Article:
I’m haunted by a story I heard once about a biotech industry lobbyist who went to see a congressman and was told, “You guys don’t do innovation. The iPad. That’s innovative.” [...] As a society, [...] we overlook the work that is actually foundational.

Setting the congressman’s (and possibly the public’s?) ignorance aside, Herper is right. But, innovation in medicine isn’t just hard because medicine is complex. Getting an innovation to this market is just as tough as making the innovation itself. This isn’t good news for aspiring Steves of Medicine like me – we desperately need a Steve Jobs of healthcare/regulatory/public policy before a Steve Jobs of Medicine can emerge.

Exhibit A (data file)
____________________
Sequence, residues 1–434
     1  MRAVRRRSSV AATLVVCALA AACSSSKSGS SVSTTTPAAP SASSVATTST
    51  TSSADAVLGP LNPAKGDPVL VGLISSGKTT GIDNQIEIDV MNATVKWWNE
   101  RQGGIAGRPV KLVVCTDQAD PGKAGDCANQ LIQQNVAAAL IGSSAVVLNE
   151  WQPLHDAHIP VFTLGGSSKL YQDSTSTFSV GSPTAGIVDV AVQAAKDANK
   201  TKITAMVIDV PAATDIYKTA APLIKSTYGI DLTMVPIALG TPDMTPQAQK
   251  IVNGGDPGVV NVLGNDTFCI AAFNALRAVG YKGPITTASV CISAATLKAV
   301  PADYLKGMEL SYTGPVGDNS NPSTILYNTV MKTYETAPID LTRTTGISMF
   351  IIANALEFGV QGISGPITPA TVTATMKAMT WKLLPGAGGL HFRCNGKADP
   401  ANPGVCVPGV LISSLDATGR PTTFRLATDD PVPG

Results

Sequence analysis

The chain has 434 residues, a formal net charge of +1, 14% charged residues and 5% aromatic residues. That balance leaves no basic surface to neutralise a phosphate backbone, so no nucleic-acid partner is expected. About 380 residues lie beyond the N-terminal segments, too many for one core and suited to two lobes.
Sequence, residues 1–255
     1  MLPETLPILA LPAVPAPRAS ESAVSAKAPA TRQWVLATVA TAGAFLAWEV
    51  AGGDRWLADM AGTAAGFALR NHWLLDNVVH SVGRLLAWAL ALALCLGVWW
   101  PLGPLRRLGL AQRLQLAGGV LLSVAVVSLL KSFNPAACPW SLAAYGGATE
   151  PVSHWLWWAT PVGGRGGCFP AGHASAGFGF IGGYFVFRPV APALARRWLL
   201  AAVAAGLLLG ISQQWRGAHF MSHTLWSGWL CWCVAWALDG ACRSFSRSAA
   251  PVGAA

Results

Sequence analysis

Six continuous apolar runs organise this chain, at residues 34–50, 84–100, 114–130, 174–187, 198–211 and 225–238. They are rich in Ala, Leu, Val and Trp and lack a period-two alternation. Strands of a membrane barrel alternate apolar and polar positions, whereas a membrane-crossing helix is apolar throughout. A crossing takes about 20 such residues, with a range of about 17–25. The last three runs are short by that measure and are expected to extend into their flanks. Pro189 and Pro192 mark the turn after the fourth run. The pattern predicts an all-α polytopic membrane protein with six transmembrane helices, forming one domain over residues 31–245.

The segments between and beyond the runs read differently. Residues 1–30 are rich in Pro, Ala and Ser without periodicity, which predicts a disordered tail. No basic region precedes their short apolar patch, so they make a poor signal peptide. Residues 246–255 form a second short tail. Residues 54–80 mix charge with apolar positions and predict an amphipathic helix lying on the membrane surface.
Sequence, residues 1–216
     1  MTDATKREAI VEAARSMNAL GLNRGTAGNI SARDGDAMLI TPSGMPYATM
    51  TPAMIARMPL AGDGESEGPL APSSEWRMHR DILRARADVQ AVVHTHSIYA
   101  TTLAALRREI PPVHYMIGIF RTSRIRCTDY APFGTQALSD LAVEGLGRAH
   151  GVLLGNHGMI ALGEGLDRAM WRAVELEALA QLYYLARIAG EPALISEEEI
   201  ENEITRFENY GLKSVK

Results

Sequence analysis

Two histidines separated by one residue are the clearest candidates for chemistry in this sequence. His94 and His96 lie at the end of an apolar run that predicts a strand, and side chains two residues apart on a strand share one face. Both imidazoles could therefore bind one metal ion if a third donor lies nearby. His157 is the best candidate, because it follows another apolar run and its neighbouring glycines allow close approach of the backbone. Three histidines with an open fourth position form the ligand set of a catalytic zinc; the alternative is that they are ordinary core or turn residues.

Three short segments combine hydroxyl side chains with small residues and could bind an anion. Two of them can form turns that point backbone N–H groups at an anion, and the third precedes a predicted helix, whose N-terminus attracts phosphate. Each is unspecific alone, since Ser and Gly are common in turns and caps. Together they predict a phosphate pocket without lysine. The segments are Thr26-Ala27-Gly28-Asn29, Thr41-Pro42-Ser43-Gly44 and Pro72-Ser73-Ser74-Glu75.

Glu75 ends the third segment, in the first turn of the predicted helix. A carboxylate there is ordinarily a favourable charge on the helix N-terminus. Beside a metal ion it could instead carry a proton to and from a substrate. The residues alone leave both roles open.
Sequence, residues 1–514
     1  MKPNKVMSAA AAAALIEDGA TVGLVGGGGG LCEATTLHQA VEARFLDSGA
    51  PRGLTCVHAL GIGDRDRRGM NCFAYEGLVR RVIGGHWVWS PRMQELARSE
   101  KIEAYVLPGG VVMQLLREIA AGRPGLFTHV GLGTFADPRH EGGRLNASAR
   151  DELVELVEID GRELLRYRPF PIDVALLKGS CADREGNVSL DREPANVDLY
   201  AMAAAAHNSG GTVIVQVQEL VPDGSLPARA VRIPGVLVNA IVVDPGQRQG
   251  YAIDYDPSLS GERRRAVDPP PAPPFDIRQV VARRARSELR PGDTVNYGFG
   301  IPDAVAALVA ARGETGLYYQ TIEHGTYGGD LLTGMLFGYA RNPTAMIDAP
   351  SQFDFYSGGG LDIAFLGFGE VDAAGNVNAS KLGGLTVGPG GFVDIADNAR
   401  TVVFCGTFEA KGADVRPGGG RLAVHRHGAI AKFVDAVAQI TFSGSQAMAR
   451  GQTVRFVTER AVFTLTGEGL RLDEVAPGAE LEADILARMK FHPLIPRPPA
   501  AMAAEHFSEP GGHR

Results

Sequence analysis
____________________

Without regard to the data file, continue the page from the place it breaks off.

I just went to the Biomedical Engineering Society annual meeting, and saw a lot of amazing things that scientists and engineers are making. I think it’s just a matter of awareness and communication – more than many other fields, medicine is like football in that it’s a team effort. As long as innovators are in regular contact with policy makers, it’s going to be pretty exciting to see how new technologies can develop a more elegant approach to health care that Steve would have been proud of.

The Audacity of Hope: Biomarkers Edition